By Susan Govern
One day several months ago I was on Facebook and came across a quote someone had posted about friends. It made me laugh but I also realized how much truth there was to it. I have no idea who the originator of it is, but here’s the quote – “Friends come and go, like the waves of the ocean, but the true ones stick, like an Octopus on your face.”
I suggest you do what I did, think about the friend you’ve known the longest, now picture that person as a cartoon octopus stuck to your face. I think you can see why it made me laugh. The truth part also becomes pretty obvious.
Everyone has had throughout their lifetime people they consider friends, but circumstances and life changes may make those friendships short-lived. Other friendships can stand the test of time – they last through moves, job changes, marriages (or divorces), children, and even illness.
In my life I have been blessed with knowing a good number of people I call “friend” and luckier still that so many are still a part of my life. They have been there in good times and bad, and I have been there for them as well. To me, these long-time friends are simply part of my extended family.
That brings me to another quote (one I also read on Facebook) that says “Friendship isn’t about whom you’ve known the longest, it’s about who came and never left your side.”
These sayings prompted me one day to Google friendship quotes and I was surprised by all the profound, sentimental and even hilarious sayings that have been written about friends. One thought kept nagging at me in the back of my mind as I enjoyed reading them – each saying could be true about human friendships as well as friendships we have with our pets.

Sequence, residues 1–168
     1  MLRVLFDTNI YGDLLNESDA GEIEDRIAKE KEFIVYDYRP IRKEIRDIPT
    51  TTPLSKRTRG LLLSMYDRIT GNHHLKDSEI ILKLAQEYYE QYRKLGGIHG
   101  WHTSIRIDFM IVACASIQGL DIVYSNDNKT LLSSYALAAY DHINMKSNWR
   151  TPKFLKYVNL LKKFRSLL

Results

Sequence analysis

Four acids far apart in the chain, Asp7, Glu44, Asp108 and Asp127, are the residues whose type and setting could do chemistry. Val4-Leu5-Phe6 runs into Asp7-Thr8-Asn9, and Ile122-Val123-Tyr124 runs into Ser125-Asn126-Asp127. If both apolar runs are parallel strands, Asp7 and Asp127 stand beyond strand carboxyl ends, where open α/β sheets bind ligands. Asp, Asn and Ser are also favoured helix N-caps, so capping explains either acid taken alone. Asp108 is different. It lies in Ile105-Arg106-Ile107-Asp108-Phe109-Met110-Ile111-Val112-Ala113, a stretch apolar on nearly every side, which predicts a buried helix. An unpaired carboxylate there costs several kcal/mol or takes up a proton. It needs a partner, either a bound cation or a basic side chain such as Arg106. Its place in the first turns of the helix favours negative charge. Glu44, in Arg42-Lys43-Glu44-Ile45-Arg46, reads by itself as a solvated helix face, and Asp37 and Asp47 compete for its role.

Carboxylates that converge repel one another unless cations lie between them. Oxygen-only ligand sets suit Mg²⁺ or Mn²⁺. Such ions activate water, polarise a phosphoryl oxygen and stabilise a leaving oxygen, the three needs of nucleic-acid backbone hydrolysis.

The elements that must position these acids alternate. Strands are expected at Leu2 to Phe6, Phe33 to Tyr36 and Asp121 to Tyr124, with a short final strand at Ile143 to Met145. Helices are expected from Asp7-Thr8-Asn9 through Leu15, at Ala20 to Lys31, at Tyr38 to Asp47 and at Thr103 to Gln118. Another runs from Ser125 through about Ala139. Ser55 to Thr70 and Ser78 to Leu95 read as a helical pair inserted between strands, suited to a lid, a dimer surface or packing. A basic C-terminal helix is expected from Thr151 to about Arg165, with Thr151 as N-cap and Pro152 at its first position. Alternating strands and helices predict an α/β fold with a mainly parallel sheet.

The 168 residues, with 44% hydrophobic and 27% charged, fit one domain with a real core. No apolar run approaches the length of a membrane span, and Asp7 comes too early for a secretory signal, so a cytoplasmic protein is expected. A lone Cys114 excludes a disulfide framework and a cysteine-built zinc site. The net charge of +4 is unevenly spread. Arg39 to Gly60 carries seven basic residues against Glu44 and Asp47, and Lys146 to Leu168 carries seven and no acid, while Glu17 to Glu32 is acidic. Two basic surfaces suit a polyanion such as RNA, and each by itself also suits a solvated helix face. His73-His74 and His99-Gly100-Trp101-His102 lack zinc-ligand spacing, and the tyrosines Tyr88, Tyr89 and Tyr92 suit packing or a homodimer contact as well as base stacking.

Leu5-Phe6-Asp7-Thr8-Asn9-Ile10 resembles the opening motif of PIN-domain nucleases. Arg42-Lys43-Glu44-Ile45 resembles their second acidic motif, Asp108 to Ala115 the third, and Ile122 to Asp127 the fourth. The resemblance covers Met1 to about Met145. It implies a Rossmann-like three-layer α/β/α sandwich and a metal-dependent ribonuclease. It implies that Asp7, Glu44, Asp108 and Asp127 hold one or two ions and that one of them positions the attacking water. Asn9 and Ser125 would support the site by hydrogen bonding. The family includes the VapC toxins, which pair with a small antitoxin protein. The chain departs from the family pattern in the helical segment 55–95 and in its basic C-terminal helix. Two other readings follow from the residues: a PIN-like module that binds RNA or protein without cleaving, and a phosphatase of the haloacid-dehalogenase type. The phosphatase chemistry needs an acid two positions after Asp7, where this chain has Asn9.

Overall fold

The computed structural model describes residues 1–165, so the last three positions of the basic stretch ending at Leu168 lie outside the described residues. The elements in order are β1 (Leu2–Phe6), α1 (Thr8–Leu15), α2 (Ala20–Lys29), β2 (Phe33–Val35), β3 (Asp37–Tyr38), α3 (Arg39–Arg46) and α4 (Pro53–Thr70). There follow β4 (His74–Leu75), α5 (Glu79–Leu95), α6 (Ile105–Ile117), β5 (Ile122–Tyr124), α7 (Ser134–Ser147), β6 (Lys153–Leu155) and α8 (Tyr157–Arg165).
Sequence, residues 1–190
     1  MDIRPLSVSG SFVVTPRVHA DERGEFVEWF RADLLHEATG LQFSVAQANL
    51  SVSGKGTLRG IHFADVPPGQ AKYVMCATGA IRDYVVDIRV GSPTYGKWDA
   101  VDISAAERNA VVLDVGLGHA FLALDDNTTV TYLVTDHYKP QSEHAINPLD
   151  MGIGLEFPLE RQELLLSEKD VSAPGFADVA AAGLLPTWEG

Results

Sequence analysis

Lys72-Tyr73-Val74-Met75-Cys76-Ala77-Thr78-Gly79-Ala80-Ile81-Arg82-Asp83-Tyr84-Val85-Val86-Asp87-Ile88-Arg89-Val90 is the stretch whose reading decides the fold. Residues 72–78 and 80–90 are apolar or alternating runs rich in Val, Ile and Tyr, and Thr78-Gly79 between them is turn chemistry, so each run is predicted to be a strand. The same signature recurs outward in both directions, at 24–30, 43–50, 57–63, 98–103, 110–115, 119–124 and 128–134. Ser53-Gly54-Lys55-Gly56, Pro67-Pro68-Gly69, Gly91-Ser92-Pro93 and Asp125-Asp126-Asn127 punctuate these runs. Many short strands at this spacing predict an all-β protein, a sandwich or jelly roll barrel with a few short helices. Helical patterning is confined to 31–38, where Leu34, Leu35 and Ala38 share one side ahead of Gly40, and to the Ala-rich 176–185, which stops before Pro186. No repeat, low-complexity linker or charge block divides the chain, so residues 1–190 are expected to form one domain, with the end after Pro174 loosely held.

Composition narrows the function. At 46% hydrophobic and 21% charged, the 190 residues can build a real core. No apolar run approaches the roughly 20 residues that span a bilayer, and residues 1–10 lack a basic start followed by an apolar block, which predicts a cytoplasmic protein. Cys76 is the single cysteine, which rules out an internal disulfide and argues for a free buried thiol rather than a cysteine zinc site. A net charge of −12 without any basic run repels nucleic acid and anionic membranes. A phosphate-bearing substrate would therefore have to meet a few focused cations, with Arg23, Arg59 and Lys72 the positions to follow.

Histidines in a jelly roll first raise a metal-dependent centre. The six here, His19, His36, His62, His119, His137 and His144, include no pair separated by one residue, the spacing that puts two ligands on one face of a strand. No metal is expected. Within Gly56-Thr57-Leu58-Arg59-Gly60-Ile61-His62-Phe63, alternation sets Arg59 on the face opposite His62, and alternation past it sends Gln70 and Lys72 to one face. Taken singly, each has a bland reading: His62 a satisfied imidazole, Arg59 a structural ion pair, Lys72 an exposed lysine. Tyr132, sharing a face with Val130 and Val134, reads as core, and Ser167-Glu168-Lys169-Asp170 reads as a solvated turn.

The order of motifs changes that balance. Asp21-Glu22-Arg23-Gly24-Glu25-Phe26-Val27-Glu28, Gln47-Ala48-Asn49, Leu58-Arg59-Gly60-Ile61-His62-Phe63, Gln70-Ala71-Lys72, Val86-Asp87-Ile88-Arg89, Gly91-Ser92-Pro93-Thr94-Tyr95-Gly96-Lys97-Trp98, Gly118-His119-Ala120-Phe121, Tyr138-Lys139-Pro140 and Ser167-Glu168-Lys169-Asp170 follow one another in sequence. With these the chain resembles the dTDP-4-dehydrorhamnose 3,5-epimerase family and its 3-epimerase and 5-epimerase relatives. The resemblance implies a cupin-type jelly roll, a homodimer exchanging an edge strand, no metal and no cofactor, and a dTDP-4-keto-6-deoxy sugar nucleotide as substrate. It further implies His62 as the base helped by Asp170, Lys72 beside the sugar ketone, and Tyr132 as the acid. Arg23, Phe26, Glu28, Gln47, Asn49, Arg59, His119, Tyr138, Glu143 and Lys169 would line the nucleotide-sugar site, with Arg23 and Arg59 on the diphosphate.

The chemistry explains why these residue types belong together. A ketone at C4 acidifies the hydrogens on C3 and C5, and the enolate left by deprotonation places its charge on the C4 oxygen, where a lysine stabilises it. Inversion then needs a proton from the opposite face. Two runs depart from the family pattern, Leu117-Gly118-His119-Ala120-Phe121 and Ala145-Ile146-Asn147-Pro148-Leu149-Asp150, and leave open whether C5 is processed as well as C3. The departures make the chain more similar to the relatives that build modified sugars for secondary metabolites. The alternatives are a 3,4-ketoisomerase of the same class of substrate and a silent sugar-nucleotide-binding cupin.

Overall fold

Lucky me, I’ve had pets in my life growing up and as an adult. Many of my human friends have had pets or have them now and by pure observation of their interactions, I can say many pets meet the qualifications we associate with friends.
We can confide in them and trust they won’t give away our secrets. We find comfort from being in their company when we are sad or troubled. We share good times and often they will make us laugh with how they act. Human or not – these are the things I treasure about my friends and perhaps you feel the same way about yours.
Think back to the first quote – the one about the octopus. Anyone who has a cat as a pet can probably relate. I’ve got friends who say they wake up to their cat asleep on their head in the morning. A few have posted pictures of their pet cat or kitten curled up on a shoulder watching t.v. with them.
Or how about dogs that no matter how big they may be they just have to sit in your lap because they want to be close to their human friend. And just try eating a snack that they want you to share – they will find a way to be right up in your face, sometimes in the most comical way.
I raised a collie from a pup to the old age of 12 and a half. I didn’t have him in my life that long, but he was my friend during my teen years to becoming a married woman. Then as an adult with teenagers of my own, we rescued a two-year-old dog and she was our friend for 11 years.
These pets in my life lifted me up on bad days and they made me laugh with their puppy-dog silliness. I didn’t feel lonely when they were around, and I also felt safe.
With my human friends and my non-human ones, I have lived the second quote – it isn’t about whom you’ve known the longest, but about who stays by your side. I’ve lost count about all the good things my friends have done for me over the time I’ve known them and it’s not about keeping score anyway. Old friends, new friends and friends not yet met should be counted as gifts.
I’m leaving you with one last quote to think about. Again, I have no idea who originated it, but I think it carries a good deal of wisdom.
“It’s the friends we meet along the way that help us appreciate the journey.”